COLUMBIA — Big ideas are circling around downtown, and they’re gaining momentum.
The idea to redevelop the southern half of the central business district got a kick start when the city of Columbia, MU and Stephens College hired Sasaki and Associates in 2006 to develop a grand vision that includes an Elm Street parkway, an MU performing arts center, a museum for the Missouri State Historical Society and a hotel and convention center. The plan, which cites blight, an overabundance of surface parking and a lack of multi-story developments as the corridor’s primary problems, encourages stakeholders to promote mixed uses, new parking garages, developments of at least three to five stories and projects that attract more people to live downtown.
North of Broadway, the city already has struck a deal with owners of the Regency Hotel to facilitate a $16 million redevelopment of that property with the construction of an adjacent city-owned parking garage. Old warehouses have been converted into art studios. The Wabash Station bus depot got new life through an overhaul and expansion. City Hall is undergoing a historic renovation and expansion, sparking new interest in the beautification of Eighth Street. And new historic designations have property owners looking toward tax incentives that will finance even more upgrades.
Perhaps most striking is the recent vote by the Columbia City Council to authorize the use of tax-increment financing to expedite redevelopment. Also known as TIF, tax-increment financing encourages redevelopment by diverting some of the extra property taxes that would be generated by new development toward public infrastructure. The council’s approval represented a significant shift; city government historically has opposed tax incentives to encourage development. The owners of The Tiger hotel have said they’ll be quick to apply for TIF designation.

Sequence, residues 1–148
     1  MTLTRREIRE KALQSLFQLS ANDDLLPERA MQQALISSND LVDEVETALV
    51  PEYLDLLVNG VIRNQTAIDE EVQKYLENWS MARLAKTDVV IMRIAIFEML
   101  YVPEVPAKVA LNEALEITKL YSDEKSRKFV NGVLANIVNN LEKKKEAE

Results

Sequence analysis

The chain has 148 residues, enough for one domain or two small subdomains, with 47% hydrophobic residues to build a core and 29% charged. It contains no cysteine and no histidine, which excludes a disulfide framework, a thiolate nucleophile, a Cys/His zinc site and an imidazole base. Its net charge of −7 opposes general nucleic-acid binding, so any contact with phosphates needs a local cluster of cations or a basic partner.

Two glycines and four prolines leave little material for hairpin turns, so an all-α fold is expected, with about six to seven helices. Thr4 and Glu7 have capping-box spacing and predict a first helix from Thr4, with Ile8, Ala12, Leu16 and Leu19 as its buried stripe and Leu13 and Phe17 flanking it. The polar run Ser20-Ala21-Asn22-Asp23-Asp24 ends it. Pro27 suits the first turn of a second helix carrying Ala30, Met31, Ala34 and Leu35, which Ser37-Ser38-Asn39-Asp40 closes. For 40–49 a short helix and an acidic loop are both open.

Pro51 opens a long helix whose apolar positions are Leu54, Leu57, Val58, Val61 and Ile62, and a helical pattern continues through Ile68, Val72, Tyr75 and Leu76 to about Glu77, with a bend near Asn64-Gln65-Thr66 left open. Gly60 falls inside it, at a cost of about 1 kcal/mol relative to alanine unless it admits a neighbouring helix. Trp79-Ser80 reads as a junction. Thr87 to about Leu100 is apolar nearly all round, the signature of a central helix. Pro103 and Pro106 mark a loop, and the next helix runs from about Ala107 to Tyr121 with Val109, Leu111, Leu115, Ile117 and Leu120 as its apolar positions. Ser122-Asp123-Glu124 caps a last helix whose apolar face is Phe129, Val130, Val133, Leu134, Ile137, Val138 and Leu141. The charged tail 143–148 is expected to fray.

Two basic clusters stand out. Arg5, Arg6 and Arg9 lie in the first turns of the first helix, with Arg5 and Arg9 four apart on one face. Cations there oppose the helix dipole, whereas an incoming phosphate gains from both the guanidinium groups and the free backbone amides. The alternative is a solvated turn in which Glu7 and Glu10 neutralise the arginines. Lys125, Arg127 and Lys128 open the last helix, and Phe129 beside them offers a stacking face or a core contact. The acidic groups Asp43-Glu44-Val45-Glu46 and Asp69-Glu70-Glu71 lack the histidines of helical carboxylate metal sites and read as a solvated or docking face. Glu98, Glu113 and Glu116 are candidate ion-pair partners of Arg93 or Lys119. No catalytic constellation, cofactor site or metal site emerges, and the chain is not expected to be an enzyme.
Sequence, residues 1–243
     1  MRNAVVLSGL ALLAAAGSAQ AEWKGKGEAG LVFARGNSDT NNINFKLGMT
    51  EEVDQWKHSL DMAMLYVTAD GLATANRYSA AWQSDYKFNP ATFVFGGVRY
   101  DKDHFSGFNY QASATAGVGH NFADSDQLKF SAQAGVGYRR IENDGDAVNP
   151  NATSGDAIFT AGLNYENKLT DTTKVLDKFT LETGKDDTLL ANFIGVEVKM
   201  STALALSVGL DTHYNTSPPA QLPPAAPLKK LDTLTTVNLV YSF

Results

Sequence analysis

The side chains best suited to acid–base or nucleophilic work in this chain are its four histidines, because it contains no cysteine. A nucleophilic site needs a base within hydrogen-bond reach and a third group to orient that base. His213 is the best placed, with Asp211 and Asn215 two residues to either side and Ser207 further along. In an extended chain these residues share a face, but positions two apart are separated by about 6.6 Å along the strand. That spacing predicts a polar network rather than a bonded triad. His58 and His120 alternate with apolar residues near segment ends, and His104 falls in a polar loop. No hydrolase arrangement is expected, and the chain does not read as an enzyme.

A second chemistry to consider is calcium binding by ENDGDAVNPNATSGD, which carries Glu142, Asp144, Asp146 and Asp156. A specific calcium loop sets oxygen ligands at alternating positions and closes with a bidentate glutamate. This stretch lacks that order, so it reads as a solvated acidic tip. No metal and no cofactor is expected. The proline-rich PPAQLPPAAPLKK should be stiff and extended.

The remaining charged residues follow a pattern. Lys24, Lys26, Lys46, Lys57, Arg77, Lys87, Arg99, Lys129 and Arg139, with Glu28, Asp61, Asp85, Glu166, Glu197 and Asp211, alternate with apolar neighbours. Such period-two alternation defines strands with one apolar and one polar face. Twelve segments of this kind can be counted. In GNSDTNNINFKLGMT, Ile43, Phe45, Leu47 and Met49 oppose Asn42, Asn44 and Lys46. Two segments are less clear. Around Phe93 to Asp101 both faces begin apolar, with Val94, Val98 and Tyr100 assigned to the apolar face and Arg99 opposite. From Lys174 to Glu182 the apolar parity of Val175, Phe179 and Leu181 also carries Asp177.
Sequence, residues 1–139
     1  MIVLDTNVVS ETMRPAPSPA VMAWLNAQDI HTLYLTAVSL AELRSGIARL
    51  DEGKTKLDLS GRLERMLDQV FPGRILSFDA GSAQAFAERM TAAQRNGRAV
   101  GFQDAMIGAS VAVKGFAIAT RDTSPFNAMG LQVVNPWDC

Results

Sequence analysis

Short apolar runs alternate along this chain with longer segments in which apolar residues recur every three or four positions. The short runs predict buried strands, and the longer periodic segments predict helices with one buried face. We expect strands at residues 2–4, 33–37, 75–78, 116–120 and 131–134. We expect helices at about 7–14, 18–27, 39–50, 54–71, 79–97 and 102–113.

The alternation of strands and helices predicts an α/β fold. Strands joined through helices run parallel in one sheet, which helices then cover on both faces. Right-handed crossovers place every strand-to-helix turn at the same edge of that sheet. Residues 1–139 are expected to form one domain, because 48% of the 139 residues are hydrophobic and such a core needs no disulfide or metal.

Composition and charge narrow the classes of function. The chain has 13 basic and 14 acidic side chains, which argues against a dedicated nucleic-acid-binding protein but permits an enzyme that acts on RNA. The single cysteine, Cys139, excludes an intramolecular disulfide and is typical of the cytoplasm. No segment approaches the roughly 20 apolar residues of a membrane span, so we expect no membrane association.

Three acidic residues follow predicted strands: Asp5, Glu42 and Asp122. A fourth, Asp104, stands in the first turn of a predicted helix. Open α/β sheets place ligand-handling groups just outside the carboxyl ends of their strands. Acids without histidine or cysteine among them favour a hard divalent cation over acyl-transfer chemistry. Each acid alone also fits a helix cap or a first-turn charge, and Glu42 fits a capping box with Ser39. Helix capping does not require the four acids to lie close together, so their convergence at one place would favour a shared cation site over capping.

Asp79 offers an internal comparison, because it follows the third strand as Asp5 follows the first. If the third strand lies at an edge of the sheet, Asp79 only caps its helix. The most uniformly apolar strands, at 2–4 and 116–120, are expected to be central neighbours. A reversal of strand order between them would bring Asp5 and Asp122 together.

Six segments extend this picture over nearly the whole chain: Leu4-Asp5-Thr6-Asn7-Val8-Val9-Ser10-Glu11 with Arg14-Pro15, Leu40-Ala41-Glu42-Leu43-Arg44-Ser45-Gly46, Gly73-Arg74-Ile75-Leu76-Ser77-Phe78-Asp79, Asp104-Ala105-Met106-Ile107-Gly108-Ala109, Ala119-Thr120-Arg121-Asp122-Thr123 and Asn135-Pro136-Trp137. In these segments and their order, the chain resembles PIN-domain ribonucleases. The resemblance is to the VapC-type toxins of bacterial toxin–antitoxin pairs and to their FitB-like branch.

In a related move, the council also has endorsed the formation of a Downtown Leadership Council that City Manager Bill Watkins has said will lay the groundwork for making downtown a “regional center” and prepare the city to apply for money through the Missouri Downtown Economic Stimulus Act.
Downtown represents a significant chunk of the First Ward, and the four candidates for the First Ward seat on the City Council have spent significant time discussing its needs. Here’s a look at where the candidates stand on the issues surrounding the district.
Clark, a neighborhood and community activist, supports a comprehensive plan for revitalizing downtown and said one crucial strategy is to get more people living in the central business district.
“The core component is the central city, and the downtown area needs to have a lot more people,” Clark said. “The downtown needs to become a residential area in addition to what it is now.”
Clark believes the Downtown Leadership Council, as approved by the council, is flawed because it includes too many of the core stakeholders.
“A private, not-for-profit group should take the leadership in developing a downtown redevelopment conceptual plan. That’s what I support.” Clark cited such projects as the effort to beautify Eighth Street, also known as the Avenue of the Columns, as an example of how a revitalized downtown would look and how MU and the city should work together.